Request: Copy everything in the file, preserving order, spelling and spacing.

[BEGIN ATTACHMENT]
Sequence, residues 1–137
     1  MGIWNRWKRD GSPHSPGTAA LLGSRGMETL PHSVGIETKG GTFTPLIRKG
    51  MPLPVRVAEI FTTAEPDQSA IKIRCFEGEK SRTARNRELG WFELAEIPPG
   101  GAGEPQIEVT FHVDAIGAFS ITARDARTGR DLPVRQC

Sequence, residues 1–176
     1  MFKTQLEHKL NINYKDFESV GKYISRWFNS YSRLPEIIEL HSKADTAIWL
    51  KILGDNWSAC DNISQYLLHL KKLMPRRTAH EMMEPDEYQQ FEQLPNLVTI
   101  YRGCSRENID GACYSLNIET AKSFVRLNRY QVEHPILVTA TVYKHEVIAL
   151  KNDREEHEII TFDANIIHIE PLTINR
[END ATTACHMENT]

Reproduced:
Sequence, residues 1–137
     1  MGIWNRWKRD GSPHSPGTAA LLGSRGMETL PHSVGIETKG GTFTPLIRKG
    51  MPLPVRVAEI FTTAEPDQSA IKIRCFEGEK SRTARNRELG WFELAEIPPG
   101  GAGEPQIEVT FHVDAIGAFS ITARDARTGR DLPVRQC

Sequence, residues 1–176
     1  MFKTQLEHKL NINYKDFESV GKYISRWFNS YSRLPEIIEL HSKADTAIWL
    51  KILGDNWSAC DNISQYLLHL KKLMPRRTAH EMMEPDEYQQ FEQLPNLVTI
   101  YRGCSRENID GACYSLNIET AKSFVRLNRY QVEHPILVTA TVYKHEVIAL
   151  KNDREEHEII TFDANIIHIE PLTINR